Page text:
Hand, Foot, And Mouth Disease

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Photo Source: Kids Health

Spring is here! Spring brings flowers, sunshine, birds chirping, and you know what else?

Hand, foot and mouth disease. A viral illness that commonly occurs in children when the weather changes. Guess who caught it? My son! Awesome.

He is 19 months and still breastfeeding a lot day and night, so when he seemed a little extra clingy/whiny last Wednesday, I thought it was just a normal phase, maybe teething, and didn’t worry. See, that’s what sucks. You don’t know your kid is contagious the days leading up to it because you have no idea they’re sick, unless they get a fever. Some children develop a fever, and/or a loss of appetite, but not all kids. Mine had no fever, he was still happy, he just preferred to nurse more.

 

His rash on his thigh
His rash on his thigh

 

Then suddenly a few days later, he got a few spots around his chin and a rash on his stomach, thighs and butt. Saturday morning there was nothing, he was running around and playing like a normal, crazy toddler, and Saturday night they just appeared. I did my google research and came across hand, foot and mouth (NOT to be confused with foot-and-mouth disease which affects cattle, sheep, and pigs. Humans do not get the animal disease, and animals do not get the human disease.) It was tricky to figure out because of the lack of fever, but then I read that not all kids get one. I looked inside my son’s mouth but there were no sores. According to the CDC:

Not everyone will get all of these symptoms. Some people may only have a rash; some may only have mouth sores. Other people may show no symptoms at all, but they can still pass the virus to others.

Isn’t that great?! No symptoms at all, but still passing the virus along! I am all for building up a child’s immune system, I am not for being confined to my home with my 3.5 year old chatterbox daughter and my 1.5 year old for a long time. There’s only so much of Daniel Tiger’s perfectness I can take (seriously Daniel, throw a tantrum. We won’t judge you.)

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Anyway, I texted a friend who told me her daughter had hand, foot and mouth the week before, and she confirmed her little one had the exact same symptoms: spots on chin, and then a rash on her mid-section, but still very active. Well, there you go. We visited the doctor who confirmed it.  There is no treatment for it, but the rash is expected to clear up in a week to ten days, and there is also no vaccine for it. It generally affects children under the age of 5, but adults can get it too.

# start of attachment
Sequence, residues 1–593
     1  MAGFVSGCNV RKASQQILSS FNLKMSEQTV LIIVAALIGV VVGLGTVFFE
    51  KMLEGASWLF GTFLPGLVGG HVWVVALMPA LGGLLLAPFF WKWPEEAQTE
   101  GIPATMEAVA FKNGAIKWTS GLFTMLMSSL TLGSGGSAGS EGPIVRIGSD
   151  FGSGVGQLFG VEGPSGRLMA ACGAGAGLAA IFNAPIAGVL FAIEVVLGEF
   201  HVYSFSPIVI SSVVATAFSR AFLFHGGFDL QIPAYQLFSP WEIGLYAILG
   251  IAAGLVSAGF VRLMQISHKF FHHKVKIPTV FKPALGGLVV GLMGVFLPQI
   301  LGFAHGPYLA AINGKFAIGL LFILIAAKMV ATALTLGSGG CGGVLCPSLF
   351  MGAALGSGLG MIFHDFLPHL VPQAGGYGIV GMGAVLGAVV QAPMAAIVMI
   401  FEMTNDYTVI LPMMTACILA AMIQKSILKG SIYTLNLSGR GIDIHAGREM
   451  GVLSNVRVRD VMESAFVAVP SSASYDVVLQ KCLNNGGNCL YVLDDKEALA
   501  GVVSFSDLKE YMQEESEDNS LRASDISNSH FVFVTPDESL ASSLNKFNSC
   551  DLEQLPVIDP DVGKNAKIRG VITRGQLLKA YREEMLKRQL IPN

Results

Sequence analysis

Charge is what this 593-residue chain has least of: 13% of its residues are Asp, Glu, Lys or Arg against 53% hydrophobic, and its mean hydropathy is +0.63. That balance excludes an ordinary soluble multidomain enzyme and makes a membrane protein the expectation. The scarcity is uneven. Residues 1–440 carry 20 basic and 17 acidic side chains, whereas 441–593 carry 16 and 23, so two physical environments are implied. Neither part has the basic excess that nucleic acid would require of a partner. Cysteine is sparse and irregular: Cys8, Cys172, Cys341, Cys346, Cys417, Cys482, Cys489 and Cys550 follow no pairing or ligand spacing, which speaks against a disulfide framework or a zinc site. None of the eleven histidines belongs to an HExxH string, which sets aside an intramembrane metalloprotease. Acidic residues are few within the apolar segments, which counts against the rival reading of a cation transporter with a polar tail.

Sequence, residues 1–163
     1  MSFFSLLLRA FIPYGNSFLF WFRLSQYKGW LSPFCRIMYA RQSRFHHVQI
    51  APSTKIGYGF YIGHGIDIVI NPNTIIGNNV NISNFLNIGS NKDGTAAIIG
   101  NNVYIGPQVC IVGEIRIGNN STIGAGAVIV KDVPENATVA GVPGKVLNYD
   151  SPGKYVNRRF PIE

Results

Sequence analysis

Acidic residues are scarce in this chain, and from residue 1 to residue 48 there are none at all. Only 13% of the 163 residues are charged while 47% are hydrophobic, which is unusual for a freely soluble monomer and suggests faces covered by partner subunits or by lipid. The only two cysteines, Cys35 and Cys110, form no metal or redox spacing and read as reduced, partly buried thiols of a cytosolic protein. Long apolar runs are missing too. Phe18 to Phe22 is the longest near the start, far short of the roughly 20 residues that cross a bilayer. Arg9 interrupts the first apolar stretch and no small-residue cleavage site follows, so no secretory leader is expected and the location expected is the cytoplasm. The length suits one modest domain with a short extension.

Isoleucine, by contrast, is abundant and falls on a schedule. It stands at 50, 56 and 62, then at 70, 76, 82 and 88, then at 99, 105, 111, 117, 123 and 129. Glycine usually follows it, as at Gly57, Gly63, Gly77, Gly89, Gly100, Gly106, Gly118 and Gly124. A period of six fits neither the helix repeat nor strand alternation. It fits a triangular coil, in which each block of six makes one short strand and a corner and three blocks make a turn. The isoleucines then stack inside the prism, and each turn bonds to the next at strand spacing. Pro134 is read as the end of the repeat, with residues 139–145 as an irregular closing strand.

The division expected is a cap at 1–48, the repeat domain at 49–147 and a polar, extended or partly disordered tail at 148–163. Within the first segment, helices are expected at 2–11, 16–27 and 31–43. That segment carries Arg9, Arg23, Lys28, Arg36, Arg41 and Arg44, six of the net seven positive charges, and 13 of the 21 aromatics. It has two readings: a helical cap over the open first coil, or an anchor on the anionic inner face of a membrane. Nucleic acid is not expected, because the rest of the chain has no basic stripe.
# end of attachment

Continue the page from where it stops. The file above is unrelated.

Like all viral illnesses, it is very contagious.

The viruses can spread from an infected person to others through:

  • close contact, such as kissing, hugging, or sharing cups and eating utensils,

  • coughing and sneezing,

  • contact with feces, which can happen during diaper changing,

  • contact with blister fluid, and

  • touching objects or surfaces that have the virus on them.

People with hand, foot, and mouth disease are most contagious during the first week of their illness. However, they can sometimes be contagious for weeks after symptoms go away. Some people, especially adults, who get infected with the viruses that cause the disease may not develop any symptoms. However, they can still spread the virus to others.

So, we will be spending the rest our lives at home. I think I’ll need more chocolate. And coffee.

Read about hand, foot and mouth disease HERE

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Ladan Rashidi, Managing Editor. Ladan is a British mother of three, who moved to California in 2008 to live with her husband. Born and raised in London, she has the very British sarcastic sense of humor. None of her previous workplaces prepared her for becoming a mother and having the three most demanding bosses in the world, but also the cutest.

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